WASHINGTON -- With a bigger budget than the Pentagon and double the employees of the State Department, the Social Security Administration may finally become an independent agency this year, winning the clout that backers say its size demands.
Now a part of the Department of Health and Human Services, the Woodlawn-based agency would become an independent entity such as the National Aeronautic and Space Administration or the Environmental Protection Agency under legislation making its way through Congress and considered likely to pass later this year.
"Social Security is our most important and successful domestic program, and we must take better care that it is properly administered," Sen. Daniel Patrick Moynihan told Social Security administrators at a recent hearing. "It defies common sense for an agency this large to be included under an umbrella bureaucracy."
Mr. Moynihan, who assumed the chairmanship of the powerful Senate Finance Committee a year ago, is lobbying hard for the bill, which he introduced in October. The committee sent the bill to the full Senate in November.
Stalled in Senate
In the past, the House has passed the bill, but the Senate never took up the legislation, in part because of the threat of expensive amendments that would have broadened Social Security benefits. This year, the bill's prospects in the Senate have been greatly improved by Mr. Moynihan's newfound clout, and amendments are unlikely. Although the Clinton administration and Secretary of Health and Human Services Donna E. Shalala officially oppose the proposal, the president is not expected to antagonize Mr. Moynihan by vetoing the bill, particularly when his support is needed to pass health care reform legislation.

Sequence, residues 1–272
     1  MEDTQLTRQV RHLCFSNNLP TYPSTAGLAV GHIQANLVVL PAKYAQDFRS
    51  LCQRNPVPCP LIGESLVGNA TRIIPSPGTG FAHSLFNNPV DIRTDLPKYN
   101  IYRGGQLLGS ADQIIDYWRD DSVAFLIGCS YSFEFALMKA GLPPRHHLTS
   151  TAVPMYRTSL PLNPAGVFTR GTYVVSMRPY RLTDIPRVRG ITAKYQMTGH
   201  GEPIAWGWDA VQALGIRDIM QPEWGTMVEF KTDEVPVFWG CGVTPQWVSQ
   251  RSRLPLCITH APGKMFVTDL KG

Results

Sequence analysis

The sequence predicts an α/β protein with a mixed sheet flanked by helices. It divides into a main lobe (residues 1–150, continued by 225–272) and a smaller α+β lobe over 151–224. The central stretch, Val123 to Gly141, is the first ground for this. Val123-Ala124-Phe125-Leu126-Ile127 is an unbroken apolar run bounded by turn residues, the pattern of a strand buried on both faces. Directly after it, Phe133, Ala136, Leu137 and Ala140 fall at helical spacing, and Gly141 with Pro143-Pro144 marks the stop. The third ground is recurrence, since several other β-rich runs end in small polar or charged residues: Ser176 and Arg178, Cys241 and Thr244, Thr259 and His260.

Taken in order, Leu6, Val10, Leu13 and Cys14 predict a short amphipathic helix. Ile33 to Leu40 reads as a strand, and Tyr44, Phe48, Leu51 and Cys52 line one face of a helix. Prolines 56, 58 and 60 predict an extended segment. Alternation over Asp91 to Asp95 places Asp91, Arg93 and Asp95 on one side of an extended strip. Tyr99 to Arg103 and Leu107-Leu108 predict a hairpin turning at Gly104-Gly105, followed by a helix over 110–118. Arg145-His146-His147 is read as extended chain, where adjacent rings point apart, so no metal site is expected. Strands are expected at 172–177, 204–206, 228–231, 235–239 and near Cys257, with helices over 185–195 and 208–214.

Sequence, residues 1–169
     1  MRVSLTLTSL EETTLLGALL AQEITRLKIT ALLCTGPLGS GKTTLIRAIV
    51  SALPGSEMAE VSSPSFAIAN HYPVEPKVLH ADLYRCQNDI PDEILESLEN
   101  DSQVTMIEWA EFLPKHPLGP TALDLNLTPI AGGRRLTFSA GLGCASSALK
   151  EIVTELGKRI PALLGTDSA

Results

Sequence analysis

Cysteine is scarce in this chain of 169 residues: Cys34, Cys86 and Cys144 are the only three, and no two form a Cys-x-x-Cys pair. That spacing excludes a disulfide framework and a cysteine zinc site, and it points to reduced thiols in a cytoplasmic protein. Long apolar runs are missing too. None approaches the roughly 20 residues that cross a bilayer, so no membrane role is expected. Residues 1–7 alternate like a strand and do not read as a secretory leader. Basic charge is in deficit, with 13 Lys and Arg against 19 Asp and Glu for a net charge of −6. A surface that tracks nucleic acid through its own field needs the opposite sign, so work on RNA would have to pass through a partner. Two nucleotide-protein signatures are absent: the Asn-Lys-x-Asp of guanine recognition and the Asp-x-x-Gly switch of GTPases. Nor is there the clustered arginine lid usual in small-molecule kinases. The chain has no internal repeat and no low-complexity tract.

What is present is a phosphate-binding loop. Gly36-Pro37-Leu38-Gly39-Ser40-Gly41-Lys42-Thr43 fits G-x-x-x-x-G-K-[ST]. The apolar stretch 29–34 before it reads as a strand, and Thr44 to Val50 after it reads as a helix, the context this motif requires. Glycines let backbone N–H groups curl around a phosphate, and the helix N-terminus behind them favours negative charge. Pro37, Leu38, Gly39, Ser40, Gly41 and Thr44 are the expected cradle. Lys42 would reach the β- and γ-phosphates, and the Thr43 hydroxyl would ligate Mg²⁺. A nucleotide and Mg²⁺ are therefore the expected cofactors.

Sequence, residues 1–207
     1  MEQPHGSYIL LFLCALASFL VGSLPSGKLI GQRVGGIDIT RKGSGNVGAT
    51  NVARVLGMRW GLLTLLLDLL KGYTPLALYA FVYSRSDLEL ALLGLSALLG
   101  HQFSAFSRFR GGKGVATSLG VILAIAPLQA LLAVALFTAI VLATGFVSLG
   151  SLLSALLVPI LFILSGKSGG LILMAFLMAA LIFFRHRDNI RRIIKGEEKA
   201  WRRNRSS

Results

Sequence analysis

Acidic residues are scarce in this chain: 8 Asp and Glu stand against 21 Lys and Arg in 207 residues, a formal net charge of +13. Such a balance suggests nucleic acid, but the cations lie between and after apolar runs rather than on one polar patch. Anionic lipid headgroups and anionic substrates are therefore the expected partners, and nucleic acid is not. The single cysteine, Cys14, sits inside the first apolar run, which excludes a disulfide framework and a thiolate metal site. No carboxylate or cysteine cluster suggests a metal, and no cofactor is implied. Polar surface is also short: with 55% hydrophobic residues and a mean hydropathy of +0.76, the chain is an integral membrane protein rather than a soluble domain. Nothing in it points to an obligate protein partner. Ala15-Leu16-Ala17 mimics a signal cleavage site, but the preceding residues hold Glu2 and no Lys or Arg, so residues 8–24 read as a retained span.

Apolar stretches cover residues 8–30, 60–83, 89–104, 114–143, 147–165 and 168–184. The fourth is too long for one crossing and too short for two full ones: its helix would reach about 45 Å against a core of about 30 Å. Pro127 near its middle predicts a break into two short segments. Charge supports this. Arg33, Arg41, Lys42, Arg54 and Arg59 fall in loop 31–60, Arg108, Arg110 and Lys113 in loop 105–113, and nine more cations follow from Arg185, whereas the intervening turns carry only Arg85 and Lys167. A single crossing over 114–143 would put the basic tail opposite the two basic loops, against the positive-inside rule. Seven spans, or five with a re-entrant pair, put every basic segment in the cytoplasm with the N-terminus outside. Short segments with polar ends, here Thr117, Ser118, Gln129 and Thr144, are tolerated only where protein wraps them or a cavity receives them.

In addition, the effort is strongly backed by seniors groups such as the American Association of Retired Persons. They maintain that independence could give the $300 billion program the influence it needs in Washington.
"It's an idea whose time has come," says Al Levy, executive vice-president of Local 1923 of the American Federation of Government Employees, which represents more than 15,000 Social Security workers. "An independent agency would go a long way toward improving morale. This is desperately needed."
Among the benefits he and others cite are:
* A louder voice at the White House and especially with the Office of Management and Budget. More influence could have helped avert the staff cuts that hit Social Security during the Reagan years. It also could help win more money now to hire new workers, relieving long backlogs in the troubled disability program and elsewhere.
* Less bureaucracy. Currently, independence backers say, new strategies and proposals must not only make it through Woodlawn but must also pass through a lengthy bureaucratic gantlet at HHS's Washington headquarters. Independence might mean more leeway for Social Security's managers to set policy and get things done.
* More attention to long-standing programs. With caseloads growing and shortfalls threatening to overwhelm some Social Security programs, an independent leader could assure that problems are dealt with. Currently, critics say, Ms. Shalala has her hands full with health care reform, not to mention next year's expected overhaul of the nation's welfare system.